Prefabricated construction firm Changsha Broad Homes Industrial Group kicked off an initial public offering in Hong Kong today that could value the company at HK$6.6 billion ($840 million).
The Changsha-based company, which was founded a decade ago by heating and refrigeration tycoon Zhang Yue and his younger brother Zhang Jian, is seeking to raise raise up to HK$1.5 billion through the sale of approximately 122 million shares at an indicative price range of between HK$9.68 and HK$12.48 per share.
Should the manufacturer of precast concrete parts for prefabricated buildings manage to sell all the shares included in the offering at the mid-range price of HK$11.08, Broad would bring in HK$1.2 billion from the offering.
The launch of the IPO comes six years after the group’s Broad Sustainable Building launched a project to construct the world’s tallest building – dubbed Sky City. That attempt to build an 838-metre-tall prefabricated tower in just ninety days was halted by authorities in 2013 over safety concerns.
Trading to Begin Next Week
The company, which is nearly 75 percent held by Zhang Jian, who also serves as Broad Homes Industrial’s chairman, will be listed on the Hong Kong exchange under the ticker symbol 2163, with shares scheduled to begin trading on 6 November. Zhang Yue does not appear in the company’s prospectus as a shareholder or director of the company.
Despite having made headlines for its construction projects such as producing a 57-storey, tower in just 19 days in 2015, Broad in recent years has focused on supplying prefabricated parts and materials to third-party builders.
In 2018 the company was China’s largest manufacturer of pre-cast concrete parts in terms of revenue, with a market share of 38.3 percent, according to a study commissioned by Broad, with the construction firm having brought in a total of RMB 2.2 billion last year.
Broad’s 2018 revenue marked a nearly 14 percent increase from the RMB 1.9 billion that it brought in during 2017, while adjusted net profit for 2018, excluding any gains on disposals of subsidiaries, fell from the previous year’s RMB 157 million to RMB 98 million in 2018.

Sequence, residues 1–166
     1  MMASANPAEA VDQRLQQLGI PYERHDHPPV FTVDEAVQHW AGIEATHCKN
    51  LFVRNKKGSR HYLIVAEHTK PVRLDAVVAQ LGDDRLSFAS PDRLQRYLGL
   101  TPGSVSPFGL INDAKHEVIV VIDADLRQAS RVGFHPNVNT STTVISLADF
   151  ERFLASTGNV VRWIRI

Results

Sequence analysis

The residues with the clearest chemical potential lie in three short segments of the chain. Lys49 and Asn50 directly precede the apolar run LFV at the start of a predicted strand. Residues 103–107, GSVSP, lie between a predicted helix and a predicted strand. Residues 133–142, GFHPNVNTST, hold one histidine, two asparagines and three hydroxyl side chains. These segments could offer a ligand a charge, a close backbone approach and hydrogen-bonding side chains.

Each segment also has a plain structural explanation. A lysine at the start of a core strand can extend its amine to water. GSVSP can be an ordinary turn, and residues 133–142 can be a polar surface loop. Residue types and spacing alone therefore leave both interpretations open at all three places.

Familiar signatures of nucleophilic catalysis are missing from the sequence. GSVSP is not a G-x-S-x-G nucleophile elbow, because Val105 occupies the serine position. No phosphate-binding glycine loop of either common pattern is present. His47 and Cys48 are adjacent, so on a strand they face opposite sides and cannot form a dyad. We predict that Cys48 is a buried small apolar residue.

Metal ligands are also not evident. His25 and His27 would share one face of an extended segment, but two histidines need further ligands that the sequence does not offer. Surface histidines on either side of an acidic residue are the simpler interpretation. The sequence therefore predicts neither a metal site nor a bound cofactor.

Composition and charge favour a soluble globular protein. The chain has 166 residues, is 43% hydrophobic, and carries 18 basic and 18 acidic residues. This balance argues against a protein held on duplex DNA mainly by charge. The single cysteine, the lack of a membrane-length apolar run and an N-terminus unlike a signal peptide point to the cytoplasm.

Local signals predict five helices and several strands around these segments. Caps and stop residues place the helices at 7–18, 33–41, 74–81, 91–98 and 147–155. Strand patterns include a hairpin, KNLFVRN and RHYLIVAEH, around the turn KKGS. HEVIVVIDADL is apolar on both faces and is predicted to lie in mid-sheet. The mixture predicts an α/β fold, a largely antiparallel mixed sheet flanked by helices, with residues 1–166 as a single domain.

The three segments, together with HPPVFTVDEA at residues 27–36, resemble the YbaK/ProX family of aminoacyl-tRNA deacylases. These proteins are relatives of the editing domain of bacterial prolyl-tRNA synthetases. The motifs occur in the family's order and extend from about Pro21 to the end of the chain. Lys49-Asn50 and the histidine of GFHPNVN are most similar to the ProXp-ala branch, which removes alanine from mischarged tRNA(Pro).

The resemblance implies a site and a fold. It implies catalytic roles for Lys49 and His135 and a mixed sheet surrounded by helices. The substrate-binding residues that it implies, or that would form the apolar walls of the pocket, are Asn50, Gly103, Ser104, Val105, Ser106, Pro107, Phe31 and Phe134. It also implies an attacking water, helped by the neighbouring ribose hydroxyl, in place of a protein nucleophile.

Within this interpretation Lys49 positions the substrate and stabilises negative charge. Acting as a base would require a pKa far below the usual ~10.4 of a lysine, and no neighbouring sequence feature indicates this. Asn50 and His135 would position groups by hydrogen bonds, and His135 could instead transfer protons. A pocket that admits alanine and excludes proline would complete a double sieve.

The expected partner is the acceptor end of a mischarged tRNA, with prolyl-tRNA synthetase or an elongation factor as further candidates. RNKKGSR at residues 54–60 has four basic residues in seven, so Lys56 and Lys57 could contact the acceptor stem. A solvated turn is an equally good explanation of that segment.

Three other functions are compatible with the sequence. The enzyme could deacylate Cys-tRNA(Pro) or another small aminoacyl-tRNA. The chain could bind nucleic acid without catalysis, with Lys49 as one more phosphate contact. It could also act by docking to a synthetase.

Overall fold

As of April 30, 2019, Broad had 15 wholly-owned pre-cast concrete factories in China, according to the prospectus.
The pre-fabricated technology firm’s IPO officially commenced in Hong Kong today, with pricing for the shares expected to be established on 30 October, and allocations to subscribers due to be completed by 5 November.
CICC and China Securities International are the joint sponsors of the offering as well as taking on the role of bookrunners alongside with CMB International, ABC International and CCB International. Led by Beijing-based partner Hang Wang, international law firm Baker McKenzie advised Broad on the global offering and proposed listing, according to a statement from the company.
Cornerstone Investors Take 35% of Offering
Cornerstone investors including Shenzhen-listed engineering company Zoomlion International Trading, state-owned Changsha Changtou Industry Investment Co and Gemdale Corporation subsidiary Evergreen Commercial Limited have already agreed to purchase a combined HK$484 million in shares, according to Broad’s prospectus.
Based on the mid-point price of HK$11.08 per offer share, the total number of shares to be taken up by the trio of cornerstone investors will be approximately 43 million, or around 35 percent of the global offering.
Zhang Jian’s existing 75 percent shareholding, which he holds directly and indirectly through companies that he controls, will be slimmed down to 56 percent upon completion of the offering.
IPO Proceeds to Fund Expansion in China and Overseas
The company intends to use just under half of the net proceeds to construct factories in provincial capitals including Wuhan, Jinan and Zhengzhou and upgrade its existing manufacturing centres to help meet demand during peak periods.
A quarter of the capital gained will be pumped into research and development to hone the group’s autoclaved aerated lightweight concrete technology, while a fifth has been earmarked for business expansion into overseas markets, targeting Europe, North America and the Persian Gulf with its prefabricated villas.
Shifting Focus to Manufacturing
With the site of the Sky City dream project remaining undeveloped long after Broad’s projected completion date, the company’s business model has been evolving from builder to supplier.
Until 2016, more than 50 percent of Broad’s construction business came from construction contracts, with Broad Homes employed as the contractor on projects that used its precast concrete modular technology.
Last year, the bulk of the company’s revenue came from producing and selling the company’s proprietary construction system, while only 8 percent was derived from providing construction services.
The company, which has become a leading proponent of sustainability, said that the demand for prefabricated construction in China is being driven by rising labour costs and the government’s push for more sustainable building methods.